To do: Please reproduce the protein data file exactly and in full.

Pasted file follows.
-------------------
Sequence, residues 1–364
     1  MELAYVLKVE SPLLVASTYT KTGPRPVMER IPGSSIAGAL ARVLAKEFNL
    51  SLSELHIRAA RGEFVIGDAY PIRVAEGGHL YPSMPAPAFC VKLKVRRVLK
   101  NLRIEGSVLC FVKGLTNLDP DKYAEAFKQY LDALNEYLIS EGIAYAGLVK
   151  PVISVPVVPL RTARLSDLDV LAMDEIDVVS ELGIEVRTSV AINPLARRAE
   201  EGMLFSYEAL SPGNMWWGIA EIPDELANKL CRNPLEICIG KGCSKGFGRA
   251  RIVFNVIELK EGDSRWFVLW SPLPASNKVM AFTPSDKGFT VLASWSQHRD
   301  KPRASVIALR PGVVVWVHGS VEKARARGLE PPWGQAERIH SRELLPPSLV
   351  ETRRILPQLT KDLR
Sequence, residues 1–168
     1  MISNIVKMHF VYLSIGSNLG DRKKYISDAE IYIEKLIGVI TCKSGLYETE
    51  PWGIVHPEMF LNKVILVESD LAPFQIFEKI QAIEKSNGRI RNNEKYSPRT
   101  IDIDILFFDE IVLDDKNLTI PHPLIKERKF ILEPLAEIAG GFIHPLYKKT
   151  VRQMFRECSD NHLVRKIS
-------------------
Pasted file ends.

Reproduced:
Sequence, residues 1–364
     1  MELAYVLKVE SPLLVASTYT KTGPRPVMER IPGSSIAGAL ARVLAKEFNL
    51  SLSELHIRAA RGEFVIGDAY PIRVAEGGHL YPSMPAPAFC VKLKVRRVLK
   101  NLRIEGSVLC FVKGLTNLDP DKYAEAFKQY LDALNEYLIS EGIAYAGLVK
   151  PVISVPVVPL RTARLSDLDV LAMDEIDVVS ELGIEVRTSV AINPLARRAE
   201  EGMLFSYEAL SPGNMWWGIA EIPDELANKL CRNPLEICIG KGCSKGFGRA
   251  RIVFNVIELK EGDSRWFVLW SPLPASNKVM AFTPSDKGFT VLASWSQHRD
   301  KPRASVIALR PGVVVWVHGS VEKARARGLE PPWGQAERIH SRELLPPSLV
   351  ETRRILPQLT KDLR
Sequence, residues 1–168
     1  MISNIVKMHF VYLSIGSNLG DRKKYISDAE IYIEKLIGVI TCKSGLYETE
    51  PWGIVHPEMF LNKVILVESD LAPFQIFEKI QAIEKSNGRI RNNEKYSPRT
   101  IDIDILFFDE IVLDDKNLTI PHPLIKERKF ILEPLAEIAG GFIHPLYKKT
   151  VRQMFRECSD NHLVRKIS